Lifestyle of earthworms
Living in the ground is a funny idea! To be able to live in these conditions, earthworms have very specific adaptations.
Crawling and digging
The earthworm has circular and longitudinal muscles under its skin. If it contracts the circular muscles in the front part of its body, this area shrinks and extends forward. The worm anchors this area in the ground with its bristles. The worm crawls forward by alternating the lengthening and shortening of its body parts.
In order to sink into the soil, it pushes its thin "head" into a narrow crack, then contracts its longitudinal muscles, the front of its body thickens and spreads the soil. Earthworms can move up to 60 times their body weight in this way, making them - relative to their weight - among the most powerful animals in the world.
A fun experience!
In absolute silence, place an earthworm on a sheet of aluminium foil and listen carefully to the worm as it moves. You will hear a crunching sound as if the paper is being scraped by something hard. If you run your finger along the belly of the worm, from back to front, you will feel the presence of bristles that allow the worm to hold on and crawl forward. If you run your finger in the other direction, you will find it more difficult to feel them because they are inclined towards the back. It is possible to observe these bristles with a magnifying glass.
This experiment shows that the worm extends forward from the area of anchored bristles and then contracts the anchored front part while the rear part is detached.
Skin that breathes
Earthworms do not have lungs, oxygen passes through their very thin, permeable skin under which there are very fine blood vessels that will capture oxygen. The earthworm breathes through its skin.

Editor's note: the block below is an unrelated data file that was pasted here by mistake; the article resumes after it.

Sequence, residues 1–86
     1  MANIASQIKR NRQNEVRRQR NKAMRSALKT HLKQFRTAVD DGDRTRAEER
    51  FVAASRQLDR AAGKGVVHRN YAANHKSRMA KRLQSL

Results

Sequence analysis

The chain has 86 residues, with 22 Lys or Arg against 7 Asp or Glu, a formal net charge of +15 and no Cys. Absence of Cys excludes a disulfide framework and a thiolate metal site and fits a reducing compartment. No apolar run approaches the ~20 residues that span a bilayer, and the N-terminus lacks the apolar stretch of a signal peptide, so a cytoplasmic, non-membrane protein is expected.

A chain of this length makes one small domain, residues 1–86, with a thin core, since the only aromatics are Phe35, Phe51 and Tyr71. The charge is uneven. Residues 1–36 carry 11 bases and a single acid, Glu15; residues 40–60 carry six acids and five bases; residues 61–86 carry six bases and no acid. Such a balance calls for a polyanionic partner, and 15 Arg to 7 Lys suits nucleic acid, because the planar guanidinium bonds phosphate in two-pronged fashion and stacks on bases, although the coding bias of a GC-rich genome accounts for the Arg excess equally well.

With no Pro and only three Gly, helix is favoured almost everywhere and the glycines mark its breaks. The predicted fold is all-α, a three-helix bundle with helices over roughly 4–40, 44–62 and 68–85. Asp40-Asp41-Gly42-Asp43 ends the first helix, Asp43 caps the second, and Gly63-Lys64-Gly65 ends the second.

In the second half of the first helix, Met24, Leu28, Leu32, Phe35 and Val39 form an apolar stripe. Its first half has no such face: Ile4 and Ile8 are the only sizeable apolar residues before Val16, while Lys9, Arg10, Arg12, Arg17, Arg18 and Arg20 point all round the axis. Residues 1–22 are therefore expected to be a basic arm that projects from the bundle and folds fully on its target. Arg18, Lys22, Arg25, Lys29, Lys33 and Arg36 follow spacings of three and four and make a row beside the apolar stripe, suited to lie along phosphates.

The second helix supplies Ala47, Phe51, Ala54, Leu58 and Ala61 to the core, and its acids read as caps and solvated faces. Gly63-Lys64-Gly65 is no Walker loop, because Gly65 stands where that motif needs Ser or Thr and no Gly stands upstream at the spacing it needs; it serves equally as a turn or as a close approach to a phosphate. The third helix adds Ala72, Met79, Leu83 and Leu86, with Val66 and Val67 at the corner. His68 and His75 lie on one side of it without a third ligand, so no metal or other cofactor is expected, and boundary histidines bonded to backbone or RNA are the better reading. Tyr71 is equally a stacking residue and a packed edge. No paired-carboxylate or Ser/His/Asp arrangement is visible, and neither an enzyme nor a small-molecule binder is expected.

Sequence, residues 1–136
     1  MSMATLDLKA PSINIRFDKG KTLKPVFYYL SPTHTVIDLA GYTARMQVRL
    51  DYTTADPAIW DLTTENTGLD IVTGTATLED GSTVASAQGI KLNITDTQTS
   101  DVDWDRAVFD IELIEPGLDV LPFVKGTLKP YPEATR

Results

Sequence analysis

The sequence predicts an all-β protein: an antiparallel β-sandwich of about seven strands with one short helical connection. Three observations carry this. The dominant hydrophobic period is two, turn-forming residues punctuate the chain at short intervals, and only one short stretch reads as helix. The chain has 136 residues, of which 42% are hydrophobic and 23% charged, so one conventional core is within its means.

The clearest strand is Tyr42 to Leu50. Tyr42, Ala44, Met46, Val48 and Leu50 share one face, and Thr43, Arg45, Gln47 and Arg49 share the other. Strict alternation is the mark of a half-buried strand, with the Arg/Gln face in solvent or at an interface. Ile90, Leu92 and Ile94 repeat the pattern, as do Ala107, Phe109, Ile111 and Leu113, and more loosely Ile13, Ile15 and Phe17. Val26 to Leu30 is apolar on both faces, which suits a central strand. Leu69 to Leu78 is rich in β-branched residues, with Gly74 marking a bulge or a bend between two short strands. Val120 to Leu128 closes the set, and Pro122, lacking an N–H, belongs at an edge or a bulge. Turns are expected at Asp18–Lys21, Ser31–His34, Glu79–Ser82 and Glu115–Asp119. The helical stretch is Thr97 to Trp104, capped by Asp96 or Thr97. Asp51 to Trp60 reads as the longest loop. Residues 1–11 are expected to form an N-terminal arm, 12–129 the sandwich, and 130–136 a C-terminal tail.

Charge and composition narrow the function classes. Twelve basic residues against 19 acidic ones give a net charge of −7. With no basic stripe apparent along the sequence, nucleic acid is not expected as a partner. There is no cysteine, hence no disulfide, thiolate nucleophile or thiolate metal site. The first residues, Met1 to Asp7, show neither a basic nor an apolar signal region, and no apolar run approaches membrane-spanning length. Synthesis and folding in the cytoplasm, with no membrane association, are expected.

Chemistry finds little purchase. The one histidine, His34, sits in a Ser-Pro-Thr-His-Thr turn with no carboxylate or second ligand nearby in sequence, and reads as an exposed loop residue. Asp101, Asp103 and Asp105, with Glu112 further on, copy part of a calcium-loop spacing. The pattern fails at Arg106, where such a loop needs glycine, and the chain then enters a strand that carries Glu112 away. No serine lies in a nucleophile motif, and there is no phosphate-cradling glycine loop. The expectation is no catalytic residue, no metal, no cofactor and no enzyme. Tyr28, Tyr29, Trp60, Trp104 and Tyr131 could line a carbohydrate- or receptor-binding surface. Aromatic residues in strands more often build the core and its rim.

Moisture is essential for earthworms to breathe: their skin will only be permeable if it is moist. When the weather is dry, some earthworms dig deeper galleries to stay moist. In summer, if you find dried out earthworms on the ground, they have died of suffocation.
Underground, some senses that seem indispensable to us are quite useless. Without ears and noses, earthworms are deaf and cannot detect odours. They also have no real eyes, but light-sensitive cells on the front and back of their bodies. These light-sensitive cells allow them to perceive changes in light.
Earthworms also have a sense of touch and gravity that helps them to orient themselves in their tunnel system. Finally, a sense of pressure enables them to feel vibrations and thus to flee in time when a predator approaches.
Cutting one earthworm does not make two!
We often imagine that if we cut a worm in two the two pieces will regenerate a new worm. This is not true!
In fact, only the front part containing the vital organs ("brain", stomach...) continues to live, provided that there are enough rings left behind the clitellum for the intestine to function properly. It is also important that the wound does not become infected.